It is therefore pertinent for governments to implement policies on circular economy and align circular economy approaches with national climate goals. There is also need to enhance financing for businesses, startups, organizations and individuals undertaking initiatives to implement circular economy. One of the key challenges facing the implementation of circular economy especially in developing countries has been identified to be inadequate financing for businesses especially MSMEs to transition to circular economy.

Access to finance in developing countries remains a barrier, especially for small businesses in the circular economy and for businesses in general, in part due to unfavourable factors such as high interest rates. It is therefore important for developing countries including those in Africa to enable access to finance in order to unlock circular economy through initiatives such as grant financing, lowering risks, removing policy barriers in order to foster investments, and investing in circular infrastructure.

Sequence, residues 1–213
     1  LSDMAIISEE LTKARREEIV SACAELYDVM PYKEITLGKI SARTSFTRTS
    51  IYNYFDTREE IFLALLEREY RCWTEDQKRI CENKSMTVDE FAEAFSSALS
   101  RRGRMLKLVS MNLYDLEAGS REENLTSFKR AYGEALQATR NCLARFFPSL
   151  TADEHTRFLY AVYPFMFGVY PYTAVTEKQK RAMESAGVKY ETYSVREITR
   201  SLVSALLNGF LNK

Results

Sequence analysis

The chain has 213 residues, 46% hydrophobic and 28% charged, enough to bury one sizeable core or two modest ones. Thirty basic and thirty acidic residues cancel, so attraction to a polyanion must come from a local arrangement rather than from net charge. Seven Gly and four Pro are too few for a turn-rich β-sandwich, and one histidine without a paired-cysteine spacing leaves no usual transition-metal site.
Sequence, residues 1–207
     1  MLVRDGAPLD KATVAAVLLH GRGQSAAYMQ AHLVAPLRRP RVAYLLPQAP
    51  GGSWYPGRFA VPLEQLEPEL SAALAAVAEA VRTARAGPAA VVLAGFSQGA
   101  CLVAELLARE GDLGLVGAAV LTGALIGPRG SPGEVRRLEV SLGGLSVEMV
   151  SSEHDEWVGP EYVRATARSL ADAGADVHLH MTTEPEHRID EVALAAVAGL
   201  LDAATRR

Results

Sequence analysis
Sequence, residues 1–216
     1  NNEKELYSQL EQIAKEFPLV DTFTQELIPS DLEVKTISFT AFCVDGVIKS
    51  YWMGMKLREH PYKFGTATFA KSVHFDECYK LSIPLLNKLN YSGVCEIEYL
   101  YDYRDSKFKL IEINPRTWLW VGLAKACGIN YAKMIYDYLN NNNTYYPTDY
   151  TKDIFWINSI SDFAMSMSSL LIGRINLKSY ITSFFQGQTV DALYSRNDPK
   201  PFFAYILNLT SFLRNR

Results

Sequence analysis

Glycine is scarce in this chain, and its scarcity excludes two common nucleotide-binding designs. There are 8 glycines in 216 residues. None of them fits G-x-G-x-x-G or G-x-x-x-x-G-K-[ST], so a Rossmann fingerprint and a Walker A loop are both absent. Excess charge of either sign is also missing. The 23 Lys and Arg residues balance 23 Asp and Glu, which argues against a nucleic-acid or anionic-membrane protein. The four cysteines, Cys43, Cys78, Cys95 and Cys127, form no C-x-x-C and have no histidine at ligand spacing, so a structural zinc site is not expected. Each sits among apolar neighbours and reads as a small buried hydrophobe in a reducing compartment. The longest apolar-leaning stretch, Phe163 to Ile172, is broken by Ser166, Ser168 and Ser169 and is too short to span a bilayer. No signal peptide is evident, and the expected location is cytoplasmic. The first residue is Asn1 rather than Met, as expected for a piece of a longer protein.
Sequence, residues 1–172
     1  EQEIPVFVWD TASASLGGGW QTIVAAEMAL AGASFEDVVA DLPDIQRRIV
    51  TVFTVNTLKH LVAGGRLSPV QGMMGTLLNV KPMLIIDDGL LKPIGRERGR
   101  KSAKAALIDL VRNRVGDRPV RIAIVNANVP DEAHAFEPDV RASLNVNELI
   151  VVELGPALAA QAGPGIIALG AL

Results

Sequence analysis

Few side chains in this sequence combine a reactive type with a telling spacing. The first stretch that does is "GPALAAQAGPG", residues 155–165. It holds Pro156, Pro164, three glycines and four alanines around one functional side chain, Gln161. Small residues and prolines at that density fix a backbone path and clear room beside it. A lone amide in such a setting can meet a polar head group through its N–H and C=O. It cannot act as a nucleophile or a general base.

Enhancing access to finance and investments in circular businesses can enable an inclusive development approach that creates opportunities for marginalised people including the youth and women. It is also imperative for countries to strengthen their laws and policies on waste management in support of waste prevention and circular economy. It has been argued that countries need to modernize their laws and policies on waste management on an ongoing basis to make them fit for the circular economy and the digital age.

Countries should therefore improve their legislation on towards circularity. It is also imperative for organizations and businesses to integrate sustainability criteria into business strategies by improving their corporate governance framework and enhance disclosure of environmental data in order to effectively implement circular economy.

There is also need for developed countries to support developing countries in areas such technology development and transfer in order to accelerate the adoption of clean and green technologies necessary to implement circular economy. Developing countries often face barriers in embracing technology and innovation necessary to implement circular economy in areas such as renewable energy, sustainable agriculture, waste management, and recycling. It has correctly been argued that technology in its advanced stages along with technological capabilities are key factors in the successful implementation of circular economy principles at different levels and in different areas.